We are a rare breed of individuals- Anthony
Hello, my name is Anthony M. I’ve had my artificial eye for 10 years now (I’m 25 years old). When I was 15 years old I was hit by a bottle-rocket (firework) in my right eye, then I went through 4 surgeries trying to repair my eye so that I could see once again. After months of seeing specialist it was then determined that I would have to get my right eye removed and receive an artificial eye. I was devastated, nervous, and scared at the same time, know that life would change for me and that I would not be viewed as normal again. At the time I was just entering my 8th grade year and I was in and out of school that school year since I was having operations on my eye. When I would go back to school there were some students that was more sensitive to what had happen to me and there were some that made fun of the eye patch that I had to wear while going through with the operations. There would be some days when the teasing and nastiness from the students would be so intense! that I would seclude myself in my room and just cry until I could not cry anymore. After the final operation to remove my right eye had taken place, I would dream every night for the next couple months that I could see out of my eye and I would wake up upset because I realized that it was just a dream and that I would never be able to see again out of my eye. After a couple weeks I went back to school (still wearing the eye patch) and some of my friends wanted to see the inside of my eyeless socket and I would show them and at this point I started restoring some of the confidence I had lost from losing my eye. In the following months I finally received my artificial eye and I was happy that I did not have to wear that eye patch anymore.
I ended graduating high school with Academic Honors, and then soon enrolled at Indiana University- Purdue University Indianapolis where I graduated with a 3.1 GPA. While in college I had a class that would change the way I viewed my situation. The class session dealt with “displaying your insecurities”, one class session the teacher stood up in a chair and talked about her insecurities (being a heavy set woman, her thick glasses, etc…). The whole class would have to do it, so I decide to talk about the day that I lost my right eye. This was my first time ever talking with a group of strangers about my eye, at the end of my session the teacher asked would I take out my eye and guess what?? I took it out and the students were amazed because I had the courage to display something so personal. This was an amazing confidence boosting activity that I experienced and it had helped me regain a lot of my confidence and motivation.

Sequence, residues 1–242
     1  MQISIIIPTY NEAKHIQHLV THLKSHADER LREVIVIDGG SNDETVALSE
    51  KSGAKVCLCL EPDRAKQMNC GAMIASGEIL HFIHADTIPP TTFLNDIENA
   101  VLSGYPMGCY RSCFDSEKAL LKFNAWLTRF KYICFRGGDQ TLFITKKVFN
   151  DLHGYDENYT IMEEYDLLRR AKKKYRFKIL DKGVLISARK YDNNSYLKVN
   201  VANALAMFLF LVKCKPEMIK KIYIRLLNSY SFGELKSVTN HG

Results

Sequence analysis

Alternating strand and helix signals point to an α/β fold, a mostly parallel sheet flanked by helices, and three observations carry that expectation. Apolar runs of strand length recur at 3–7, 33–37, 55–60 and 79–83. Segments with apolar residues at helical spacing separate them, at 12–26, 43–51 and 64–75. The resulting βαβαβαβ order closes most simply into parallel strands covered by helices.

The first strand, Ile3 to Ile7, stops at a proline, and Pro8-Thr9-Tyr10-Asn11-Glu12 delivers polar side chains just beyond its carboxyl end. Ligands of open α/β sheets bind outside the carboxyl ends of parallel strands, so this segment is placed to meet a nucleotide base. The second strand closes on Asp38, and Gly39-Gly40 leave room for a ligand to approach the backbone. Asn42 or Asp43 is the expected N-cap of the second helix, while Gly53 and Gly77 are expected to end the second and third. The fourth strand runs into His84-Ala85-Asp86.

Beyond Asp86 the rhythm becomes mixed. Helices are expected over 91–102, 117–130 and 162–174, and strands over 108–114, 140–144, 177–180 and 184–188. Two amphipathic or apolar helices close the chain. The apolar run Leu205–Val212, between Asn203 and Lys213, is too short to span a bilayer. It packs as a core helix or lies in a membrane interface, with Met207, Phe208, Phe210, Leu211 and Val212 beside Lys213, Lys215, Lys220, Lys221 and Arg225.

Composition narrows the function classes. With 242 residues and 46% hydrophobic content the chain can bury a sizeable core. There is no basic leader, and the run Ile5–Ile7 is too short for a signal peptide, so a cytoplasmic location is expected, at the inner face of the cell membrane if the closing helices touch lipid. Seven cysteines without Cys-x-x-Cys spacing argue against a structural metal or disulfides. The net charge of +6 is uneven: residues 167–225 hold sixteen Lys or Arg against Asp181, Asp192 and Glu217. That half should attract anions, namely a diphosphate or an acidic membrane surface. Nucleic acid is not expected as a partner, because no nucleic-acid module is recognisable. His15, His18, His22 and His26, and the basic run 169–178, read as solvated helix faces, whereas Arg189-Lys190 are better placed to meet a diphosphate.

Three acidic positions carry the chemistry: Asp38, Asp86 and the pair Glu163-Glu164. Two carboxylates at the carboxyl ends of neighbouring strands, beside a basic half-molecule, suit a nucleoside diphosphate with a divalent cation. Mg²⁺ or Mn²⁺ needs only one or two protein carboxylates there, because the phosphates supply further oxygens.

This bring us to today, I have three handsome young men (ages 2, 3, and 7), I am still continuing my education at Anderson Fall’s School of Business completing my MBA (this is my last year; thank god), I have a wonderful girlfriend who supports me in everything I do and who I can talk about my situation with. Even through all my great accomplishments I still tend to think about my eye from time to time. I believe that there should be a foundation that helps get individuals through the loss of a eye or body part, because when this happens it’s like you lose a piece of yourself. So I’m in the process of starting a foundation that would help “our” culture of people get through the grieving process and unite people through worldwide events. One thing that I recently realized is, that I’m not the only one going through this by myself, there are thousands of individuals out in the world just like me that needs help dealing with their unique situation. I believe no matter how ! long you’ve been dealing with your situation, there is no way that you will completely be over it, but to cope with it with others would be simply amazing I think.
If I met someone today who was facing eye loss, I would tell them not to give up; it’s going to be a long hard road with “clueless” individuals who doesn’t know your pain. As long as you hold true to your values and morals and want to do better you WILL. Just be yourself, don’t worry about trying to gain others acceptance, we are a rare breed of individuals. Many people do not know how it feels to lose an eye; they couldn’t even begin to imagine how it feels. From that day 10 years ago, I know I’ve changed as a person for the better. The gift of sight and all the colors that are displayed in this beautiful world is something that should not be taken for granted I’ve learned. So every day I wake up I’m constantly thanking god for reminding me to be thankful for life, the ups and downs, and just everything that comes with being human. Be blessed.
Feel free to email me; firstname.lastname@example.org
I’m all about making lifetime connections!
Thanks for allowing me to share my story with you 🙂